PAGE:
Swann, for Jones et al. The whole body of embargo laws shows, that the collector is, ex officio, to receive penalties and forfeitures; and that he who is to receive, is to have his distributive share as his property of right, and to make the division among the other persons entitled. The term collector means the officer of the law, invested with legal immortality. Official obligations do not attach to the person of the individual, but to the office.a The penalty may be released by the treasury at any time before the collector receives it.

Wirt, for Shore's executor et al. The question is, whether, of these two officers, he who supports all the labour and inconvenience shall be entitled to the reward. The death of Mr. Shore did not discontinue his office; his deputy exercised the duties, as by law he was authorized to do, until the rendition of the judgment. The reason of the law is its soul; the intention of the legislature must be regarded; it must have been their motive to stimulate the zeal and exertions of the officers of the customs by an adequate incentive. Policy rendered it more essential in the embargo laws than in the ordinary revenue laws, and the reward was, therefore, attached to the incumbent who detected the offence, and prosecuted. The question is stricti juris, and must be determined

4 Cranch, 171. Streslily et al. v. The Unitea States. by the letter of the law. It does not require the collector to live on till the reward is reaped, but the right descends to his representatives. If there be a private information, the common informer gets half the moiety of the officers. If there be no informer, they are entitled upon the ground of like merit. The title of the informer vests upon the information, and the collector takes his place. The law provides that a person entitled to a share, who shall desire to become a witness, must release; he must renounce and lay down his title in order to qualify himself as a witness. Where the forfeitures are recovered in consequence of information by the officers of a revenue cutter, a share is given to them, but no body pretends that their successors would take. It is conceded that the title may be defeated by a remission of the penalty; but that is a condition originally attached by law. The collector dies; but he lives in his deputy, for whose conduct his estate is responsible.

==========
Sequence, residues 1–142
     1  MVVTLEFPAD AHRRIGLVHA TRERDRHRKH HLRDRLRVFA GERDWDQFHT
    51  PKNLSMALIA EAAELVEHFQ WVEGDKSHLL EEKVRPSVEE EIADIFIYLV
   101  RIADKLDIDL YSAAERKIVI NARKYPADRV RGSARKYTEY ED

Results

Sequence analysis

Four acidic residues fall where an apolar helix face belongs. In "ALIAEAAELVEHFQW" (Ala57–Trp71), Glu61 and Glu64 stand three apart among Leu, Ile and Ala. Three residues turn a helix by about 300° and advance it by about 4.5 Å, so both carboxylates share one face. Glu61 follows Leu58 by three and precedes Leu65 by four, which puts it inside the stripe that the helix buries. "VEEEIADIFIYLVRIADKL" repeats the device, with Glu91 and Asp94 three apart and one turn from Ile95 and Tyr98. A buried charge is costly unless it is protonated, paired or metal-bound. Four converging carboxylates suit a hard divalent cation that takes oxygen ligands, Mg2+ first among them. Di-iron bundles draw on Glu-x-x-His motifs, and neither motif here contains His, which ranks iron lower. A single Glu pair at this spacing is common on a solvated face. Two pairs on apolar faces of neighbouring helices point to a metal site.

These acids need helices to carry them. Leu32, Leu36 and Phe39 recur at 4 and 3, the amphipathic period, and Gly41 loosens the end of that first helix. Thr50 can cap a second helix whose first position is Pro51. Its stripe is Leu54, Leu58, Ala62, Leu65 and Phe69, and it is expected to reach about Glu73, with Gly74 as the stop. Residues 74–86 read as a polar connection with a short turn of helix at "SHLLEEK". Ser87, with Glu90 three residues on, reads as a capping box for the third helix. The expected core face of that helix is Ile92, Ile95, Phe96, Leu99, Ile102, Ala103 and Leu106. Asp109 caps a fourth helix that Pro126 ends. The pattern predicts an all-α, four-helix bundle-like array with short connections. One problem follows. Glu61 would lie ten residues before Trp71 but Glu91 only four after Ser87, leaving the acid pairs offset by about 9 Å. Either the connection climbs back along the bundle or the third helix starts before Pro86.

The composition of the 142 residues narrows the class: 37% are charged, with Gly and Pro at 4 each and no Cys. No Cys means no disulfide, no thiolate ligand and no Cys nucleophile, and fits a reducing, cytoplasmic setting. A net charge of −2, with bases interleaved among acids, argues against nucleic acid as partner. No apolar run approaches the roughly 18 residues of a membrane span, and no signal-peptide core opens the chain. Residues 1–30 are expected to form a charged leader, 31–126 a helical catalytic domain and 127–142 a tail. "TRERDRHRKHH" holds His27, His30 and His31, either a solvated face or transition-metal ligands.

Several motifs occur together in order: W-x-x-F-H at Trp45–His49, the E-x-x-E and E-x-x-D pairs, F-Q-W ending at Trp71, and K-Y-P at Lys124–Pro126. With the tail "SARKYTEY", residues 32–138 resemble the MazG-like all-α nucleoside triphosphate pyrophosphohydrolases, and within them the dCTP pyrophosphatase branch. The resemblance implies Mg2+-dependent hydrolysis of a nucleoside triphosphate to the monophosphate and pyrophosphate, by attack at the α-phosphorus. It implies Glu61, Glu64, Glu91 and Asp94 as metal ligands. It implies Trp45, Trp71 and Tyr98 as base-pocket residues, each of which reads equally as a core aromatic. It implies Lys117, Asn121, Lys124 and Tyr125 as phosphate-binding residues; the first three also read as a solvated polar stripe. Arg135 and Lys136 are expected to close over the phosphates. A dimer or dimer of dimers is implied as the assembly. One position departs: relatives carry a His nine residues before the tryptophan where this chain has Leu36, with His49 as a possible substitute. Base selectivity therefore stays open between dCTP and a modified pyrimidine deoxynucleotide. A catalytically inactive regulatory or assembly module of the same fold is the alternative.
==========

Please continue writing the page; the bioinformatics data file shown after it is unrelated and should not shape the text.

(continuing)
Pinkney, in reply. The argument drawn from an equitable construction, according to relative merit, is unsatisfactory. The law holds out a contingent prospective reward; if the officer dies, it is gone, and the policy of the law is sufficiently satisfied. But the letter of the law is clear and peremptory; the penalty is given to the officer where it was incurred, and not to the seizing officer. At what epoch will you stop in fixing the character of the person entitled? At the seizure? the prosecution? or the rendition of the judgment? At neither: for the word recovered is the emphatic expression, and it is recovered when adjudged and received. Every other construction is arbitrary and fictitious. The president's power of pardoning is a conclusive argument; if the right vested, it could not be thereby devested. The provision, as to officers wishing to become witnesses, signifies nothing. They have an interest; not a vested and absolute interest, but contingent upon the recovery, and if they think fit to sacrifice it, they may be witnesses. The collector did not live in his deputy; the law merely casts the responsibility upon his estate as to the acts of the deputy.

STORY, J., delivered the opinion of the court, and, after stating the facts, proceeded as follows:


This work is in the public domain in the United States because it is a work of the United States federal government (see 17 U.S.C. 105).